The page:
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Kinneyia structures are among the most typical wrinkle structures observed on ancient siliciclastic sediment surfaces since the Archean. Recently, Kinneyia structures have been grouped together with other microbially induced, crinkly decorations on ancient bedding surfaces as wrinkle structures. They are mainly preserved on upper surfaces of ancient siliciclastic-event deposits and are characterized by millimeter-scale, winding, flat-topped crests separated by equally sized round-bottomed troughs and pits. The structure resembles small-scale interference ripples including crest-dominated linear and pit-dominated honeycomb-like patterns. The steep slopes of the crests, however, exclude their formation at the air or water-sediment interface. Thin sections across Kinneyia structures reveal their formation beneath microbial mats. They formed at an early stage and do not arise from loading and other processes related to burial. Based on the close relationship to event deposits, a genetic model considering the specific hydraulic conditions on siliciclastic tidal flats after storms or floods is proposed. Numerical calculations show that, after microbial mats have been reestablished on the new sediment surface and groundwater is still flowing downslope, the top portion of the sediment confined beneath mats may be liquefied, thus allowing grains to move with the groundwater. Oscillations of groundwater flow owing to periodic reversals of flow direction at rising tides, and a tidal signal of oscillating pore pressure may enhance formation of ripplelike structures along the boundary with the overlying mat. The model applies primarily to Kinneyia structures presumed to be formed beneath cohesive microbial mats in peritidal zones.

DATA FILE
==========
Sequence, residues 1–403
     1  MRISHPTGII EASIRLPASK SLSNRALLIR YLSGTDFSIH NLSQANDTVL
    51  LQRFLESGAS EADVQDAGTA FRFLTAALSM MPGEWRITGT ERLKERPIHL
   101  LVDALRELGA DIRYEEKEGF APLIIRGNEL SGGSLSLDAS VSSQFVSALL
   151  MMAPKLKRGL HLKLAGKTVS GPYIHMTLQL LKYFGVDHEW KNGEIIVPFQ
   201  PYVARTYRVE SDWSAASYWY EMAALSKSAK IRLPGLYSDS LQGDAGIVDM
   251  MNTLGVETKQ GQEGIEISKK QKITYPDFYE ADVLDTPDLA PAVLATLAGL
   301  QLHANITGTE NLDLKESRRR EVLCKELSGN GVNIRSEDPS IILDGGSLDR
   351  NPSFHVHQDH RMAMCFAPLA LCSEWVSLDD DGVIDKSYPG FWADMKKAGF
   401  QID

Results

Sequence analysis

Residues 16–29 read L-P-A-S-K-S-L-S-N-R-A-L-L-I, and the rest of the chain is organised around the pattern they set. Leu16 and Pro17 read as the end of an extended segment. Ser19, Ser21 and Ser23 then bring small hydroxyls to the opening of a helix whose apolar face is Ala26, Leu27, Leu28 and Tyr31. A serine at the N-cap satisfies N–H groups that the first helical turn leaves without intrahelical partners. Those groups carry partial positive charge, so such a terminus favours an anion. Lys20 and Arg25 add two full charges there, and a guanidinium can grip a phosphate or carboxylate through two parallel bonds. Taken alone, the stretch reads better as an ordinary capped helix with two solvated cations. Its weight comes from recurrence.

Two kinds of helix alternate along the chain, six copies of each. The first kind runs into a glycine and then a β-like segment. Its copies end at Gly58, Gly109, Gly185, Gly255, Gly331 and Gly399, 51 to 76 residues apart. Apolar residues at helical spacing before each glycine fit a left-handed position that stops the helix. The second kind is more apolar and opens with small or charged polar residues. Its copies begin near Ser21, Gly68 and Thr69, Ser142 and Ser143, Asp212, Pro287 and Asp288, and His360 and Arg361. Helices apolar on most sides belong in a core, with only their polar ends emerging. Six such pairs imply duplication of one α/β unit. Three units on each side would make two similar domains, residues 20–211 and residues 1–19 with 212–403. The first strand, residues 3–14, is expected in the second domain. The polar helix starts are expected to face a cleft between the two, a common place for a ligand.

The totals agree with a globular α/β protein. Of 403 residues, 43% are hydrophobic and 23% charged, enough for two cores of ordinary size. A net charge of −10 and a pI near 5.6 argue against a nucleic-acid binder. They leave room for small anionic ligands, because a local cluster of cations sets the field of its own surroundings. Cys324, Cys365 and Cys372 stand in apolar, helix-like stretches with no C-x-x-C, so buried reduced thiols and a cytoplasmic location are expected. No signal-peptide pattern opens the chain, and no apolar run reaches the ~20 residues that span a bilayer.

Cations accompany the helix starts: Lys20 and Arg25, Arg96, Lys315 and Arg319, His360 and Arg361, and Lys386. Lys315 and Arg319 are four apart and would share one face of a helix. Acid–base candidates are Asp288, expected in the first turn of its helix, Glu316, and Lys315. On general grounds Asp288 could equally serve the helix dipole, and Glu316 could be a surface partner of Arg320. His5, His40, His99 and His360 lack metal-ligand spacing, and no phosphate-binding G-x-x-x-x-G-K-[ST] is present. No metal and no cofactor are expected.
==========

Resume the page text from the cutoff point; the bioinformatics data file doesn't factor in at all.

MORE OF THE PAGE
A detailed characterization of Rhizocorallium assemblages from the Middle Triassic sediments (Ladinian, Muschelkalk facies) of the Betic Cordillera, Spain, and their paleoenvironmental interpretation are provided. Rhizocorallium jenense shows variable U-shaped structures: straight and short, slightly arcuate or sinuous, and fan-shaped. Spreiten are protrusive, and vertically retrusive forms are frequent. Scratches are very abundant, more or less continuous and parallel on the marginal tubes, and more prominent and shorter on the spreiten. Rhizocorallium shows a major orientation at 121°E. Rhizocorallium irregulare is scarce and occurs as long, straight-to-slightly-sinuous or arcuate U-shaped forms and usually exhibits scratch marks. The dominance of R. jenense and its orientation, similar to that of gutter casts, reveal colonization during high-energy regimes, mainly related to storm phases. The presence of R. irregulare reflects comparatively quieter intervals, probably interstorm phases. Trace-fossil features reveal firm-ground consistency and Glossifungites ichnofacies. The occurrence of dominant, suspension-feeding R. jenense and scarce, deposit-feeding R. irregulare reflects a high concentration of nutrients in the water column and comparatively organic-poor sediments. The high concentration of Rhizocorallium indicates a large population of trace makers and, probably, opportunistic behavior. Size-frequency curves, however, are coherent with steady-state populations (taphonomic bias?) and with a single generation. Scratch-mark casts could suggest crustaceans as producers, with some appendages in continuous contact with the substrate.